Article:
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At the flick of a switchJuly 2007

Many user controls in new buildings simply aren't up to the job. They're often over-designed, lack proper labels, or are just too complicated or confusing for ordinary people to understand. New guidance aims to change all that. Roderic Bunn explains.

Picture this. It's been a long flight. One wheel of your trolley bag is still in the Boeing. Your hotel room is on the fifth floor, and the lift is out of action. You drag your wonky luggage into the room, grab a stiff drink from the minibar, flop exhausted on the bed, switch on the telly and start the ritual channel-hopping.

You begin to relax. The TV remote control is familiar and intuitive to use. But as your metabolic rate slows to somewhere near normal, the room strikes you as a tad wintery. You get up to adjust the air-conditioning. For a building services engineer this should be a doddle. Your troubles though, have only just begun.

You study the controller. Alarmingly, it has no annotation, just a rotary dial with a seemingly random series of dimples, and Hi, Lo and Med settings. What on earth do they mean? Temperature or ventilation rate? Extract or supply? Is it on or off? There are no lamps to say. You choose a Lo setting, hoping vainly it will make you warmer.

That night, with no ventilation, you sweat beneath your duvet. At 2 am, in sleepy desperation, you open the window. At 5 am you are roused by the clatter of market traders setting-up shop in the street below.

Wouldn't it be justice if you worked for the supplier, systems integrator or M&E contractor that installed the controller?

User controls in buildings are vital in the performance of a building, yet they are never given enough attention by architects and engineers. Too often, highly complex building services are attached to controls that are over-designed, poorly labelled, and far too complicated for ordinary souls to operate.

Rarely do controls specifications address the usability of controls. The controls subcontractor or system integrator may select controls from a catalogue without much reference to the design intent. Any mismatch won't be evident until the building is occupied, after which it's game over - there's no money or willingness to improve the controls. The occupiers have to work it out for themselves.

Evidence from occupant satisfaction surveys reveals that the less that building occupants are able to influence their environment, the more dissatisfied they become, and the more likely they are to fight the building to get the conditions they want. Facilities managers, who have the unenviable role of balancing system setpoints against the wishes and needs of occupants, can find themselves caught in the middle. Their response is critical.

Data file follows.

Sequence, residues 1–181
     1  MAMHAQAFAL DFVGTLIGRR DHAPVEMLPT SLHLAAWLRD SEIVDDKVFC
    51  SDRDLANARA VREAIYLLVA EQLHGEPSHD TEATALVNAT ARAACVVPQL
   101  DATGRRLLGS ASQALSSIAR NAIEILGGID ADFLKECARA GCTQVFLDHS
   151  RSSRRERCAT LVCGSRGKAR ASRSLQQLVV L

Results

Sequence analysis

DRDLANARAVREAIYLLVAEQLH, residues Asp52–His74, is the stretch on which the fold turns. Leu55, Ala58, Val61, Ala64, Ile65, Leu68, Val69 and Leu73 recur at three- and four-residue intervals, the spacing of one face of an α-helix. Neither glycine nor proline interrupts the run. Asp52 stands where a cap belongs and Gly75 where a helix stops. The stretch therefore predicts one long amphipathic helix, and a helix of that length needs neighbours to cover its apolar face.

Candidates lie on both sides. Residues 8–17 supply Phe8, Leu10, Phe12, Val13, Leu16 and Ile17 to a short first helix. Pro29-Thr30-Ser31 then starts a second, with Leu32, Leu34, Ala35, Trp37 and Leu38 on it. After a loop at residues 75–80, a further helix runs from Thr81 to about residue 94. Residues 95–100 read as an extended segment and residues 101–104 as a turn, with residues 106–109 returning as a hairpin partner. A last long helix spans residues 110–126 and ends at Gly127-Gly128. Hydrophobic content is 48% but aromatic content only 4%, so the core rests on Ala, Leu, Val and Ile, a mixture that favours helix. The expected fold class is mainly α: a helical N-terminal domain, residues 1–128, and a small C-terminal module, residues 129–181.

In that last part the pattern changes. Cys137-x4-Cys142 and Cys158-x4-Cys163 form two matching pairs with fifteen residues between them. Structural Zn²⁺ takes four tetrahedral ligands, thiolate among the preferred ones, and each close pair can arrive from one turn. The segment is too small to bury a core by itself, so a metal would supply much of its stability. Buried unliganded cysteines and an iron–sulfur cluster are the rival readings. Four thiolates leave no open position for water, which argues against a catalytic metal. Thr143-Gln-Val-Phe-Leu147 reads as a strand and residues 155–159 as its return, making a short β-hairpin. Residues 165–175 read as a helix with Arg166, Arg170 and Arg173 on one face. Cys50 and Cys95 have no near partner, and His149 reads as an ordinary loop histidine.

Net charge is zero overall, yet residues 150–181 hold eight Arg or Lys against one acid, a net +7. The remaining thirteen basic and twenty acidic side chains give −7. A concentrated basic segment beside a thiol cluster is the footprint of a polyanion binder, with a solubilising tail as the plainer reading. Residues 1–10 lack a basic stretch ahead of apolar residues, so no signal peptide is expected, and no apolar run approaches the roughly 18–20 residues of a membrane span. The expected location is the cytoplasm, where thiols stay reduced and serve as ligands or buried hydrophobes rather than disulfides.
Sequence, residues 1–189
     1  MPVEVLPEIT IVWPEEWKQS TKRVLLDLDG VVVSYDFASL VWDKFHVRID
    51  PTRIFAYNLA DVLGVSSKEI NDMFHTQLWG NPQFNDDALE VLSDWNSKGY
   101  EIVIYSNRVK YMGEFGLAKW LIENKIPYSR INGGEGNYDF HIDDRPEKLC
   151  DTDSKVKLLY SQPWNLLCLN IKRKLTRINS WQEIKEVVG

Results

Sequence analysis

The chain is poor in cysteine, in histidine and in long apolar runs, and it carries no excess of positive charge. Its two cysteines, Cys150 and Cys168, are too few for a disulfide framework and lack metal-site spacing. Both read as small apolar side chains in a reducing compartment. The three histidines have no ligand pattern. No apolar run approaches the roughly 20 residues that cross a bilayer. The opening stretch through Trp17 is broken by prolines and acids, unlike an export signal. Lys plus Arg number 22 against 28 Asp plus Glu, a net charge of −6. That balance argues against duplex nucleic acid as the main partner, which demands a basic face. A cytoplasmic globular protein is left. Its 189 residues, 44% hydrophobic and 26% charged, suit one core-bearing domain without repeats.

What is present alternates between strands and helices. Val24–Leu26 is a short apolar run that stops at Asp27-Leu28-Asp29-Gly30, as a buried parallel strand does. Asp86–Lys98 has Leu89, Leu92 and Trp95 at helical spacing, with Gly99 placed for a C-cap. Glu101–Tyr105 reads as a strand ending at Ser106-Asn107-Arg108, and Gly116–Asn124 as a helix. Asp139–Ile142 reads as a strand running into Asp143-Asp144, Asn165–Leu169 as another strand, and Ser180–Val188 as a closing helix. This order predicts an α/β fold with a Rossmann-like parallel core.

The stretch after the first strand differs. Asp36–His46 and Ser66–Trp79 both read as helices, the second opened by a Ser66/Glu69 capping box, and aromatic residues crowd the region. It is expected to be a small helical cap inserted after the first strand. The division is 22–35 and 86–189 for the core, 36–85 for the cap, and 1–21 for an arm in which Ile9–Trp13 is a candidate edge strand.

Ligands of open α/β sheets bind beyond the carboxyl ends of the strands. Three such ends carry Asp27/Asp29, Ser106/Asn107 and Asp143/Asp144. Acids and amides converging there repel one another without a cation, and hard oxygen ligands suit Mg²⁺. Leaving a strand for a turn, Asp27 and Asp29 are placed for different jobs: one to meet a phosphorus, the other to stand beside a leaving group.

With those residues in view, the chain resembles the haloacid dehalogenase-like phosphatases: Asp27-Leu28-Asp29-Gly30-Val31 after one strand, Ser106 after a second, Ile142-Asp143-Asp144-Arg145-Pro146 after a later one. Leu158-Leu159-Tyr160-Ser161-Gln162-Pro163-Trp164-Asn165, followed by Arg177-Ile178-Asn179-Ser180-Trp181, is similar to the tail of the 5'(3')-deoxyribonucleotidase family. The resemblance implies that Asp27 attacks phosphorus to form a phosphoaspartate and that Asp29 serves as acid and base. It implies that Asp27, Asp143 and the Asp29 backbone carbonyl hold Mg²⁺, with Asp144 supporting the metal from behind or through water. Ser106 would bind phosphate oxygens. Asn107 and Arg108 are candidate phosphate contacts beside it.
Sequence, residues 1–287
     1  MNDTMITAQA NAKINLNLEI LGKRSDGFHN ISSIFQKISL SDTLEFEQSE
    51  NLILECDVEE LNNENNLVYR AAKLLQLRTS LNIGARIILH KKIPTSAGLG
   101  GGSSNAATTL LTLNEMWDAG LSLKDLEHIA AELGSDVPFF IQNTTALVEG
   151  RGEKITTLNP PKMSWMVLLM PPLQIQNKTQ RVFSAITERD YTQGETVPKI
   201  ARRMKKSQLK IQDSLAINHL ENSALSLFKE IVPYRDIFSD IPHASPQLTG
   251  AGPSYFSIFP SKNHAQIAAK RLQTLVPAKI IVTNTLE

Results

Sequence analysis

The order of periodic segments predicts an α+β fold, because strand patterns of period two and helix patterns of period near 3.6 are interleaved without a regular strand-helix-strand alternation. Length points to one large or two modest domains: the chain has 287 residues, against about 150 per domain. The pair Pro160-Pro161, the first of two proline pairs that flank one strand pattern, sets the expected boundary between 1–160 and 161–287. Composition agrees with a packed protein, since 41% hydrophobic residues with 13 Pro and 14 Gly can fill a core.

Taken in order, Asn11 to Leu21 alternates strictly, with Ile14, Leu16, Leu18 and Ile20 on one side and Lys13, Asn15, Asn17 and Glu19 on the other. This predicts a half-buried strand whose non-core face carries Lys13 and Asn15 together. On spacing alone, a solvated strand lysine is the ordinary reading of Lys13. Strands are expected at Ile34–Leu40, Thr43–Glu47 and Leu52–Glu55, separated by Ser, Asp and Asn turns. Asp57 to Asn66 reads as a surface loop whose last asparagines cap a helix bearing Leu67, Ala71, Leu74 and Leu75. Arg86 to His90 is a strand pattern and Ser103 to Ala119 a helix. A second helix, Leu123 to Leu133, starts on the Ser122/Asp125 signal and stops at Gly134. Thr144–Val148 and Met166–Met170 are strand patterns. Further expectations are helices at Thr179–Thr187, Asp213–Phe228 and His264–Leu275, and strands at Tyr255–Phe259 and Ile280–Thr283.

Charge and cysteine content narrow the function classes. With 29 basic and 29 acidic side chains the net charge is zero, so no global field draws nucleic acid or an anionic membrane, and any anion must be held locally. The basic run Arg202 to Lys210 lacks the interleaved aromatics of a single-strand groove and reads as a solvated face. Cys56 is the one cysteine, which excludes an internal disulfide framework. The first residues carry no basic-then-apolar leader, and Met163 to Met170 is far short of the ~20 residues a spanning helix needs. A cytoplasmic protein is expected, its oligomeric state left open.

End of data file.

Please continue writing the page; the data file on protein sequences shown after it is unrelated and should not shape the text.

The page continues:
Some facilities managers explain to their staff how the controls are supposed to work. Some do what the controls supplier failed to do: they scribble labels on the controls using an indelible pen. Others disconnect the controls, lock them in a housing, or ban staff from touching them.

What this tells us is that designers need to think through the design of user controls far more carefully. More attention should be paid to controls ergonomics, such as clarity of purpose, the design of switches and buttons that are intuitive to use, have clear and explicit labelling, and are easy to use. Considerable attention to detail is required to devise effective and durable controls that will do their job well and reliably.

Controls for End Users - A Guide for Good Design and Implementation addresses ways in which the technology can be suitably configured, designed, annotated and labelled. Funded by The Carbon Trust, the guide has been produced by BSRIA and the Usable Buildings Trust for the British Controls Industry Association (BCIA).

Architects, engineers and the controls industry need to improve their understanding, strategy and attention to detail. We need a new generation of user controls that offer useful user interaction and information rather than simply extra gee-whizz features. The examples, iconography and checklists in the BCIA guide would be a good place to start.

Controls for End Users - A Guide for Good Design and Implementation is available from the BSRIA Bookshop:

 Email: bookshop@bsria.co.uk
or phone: 01344 465529

 

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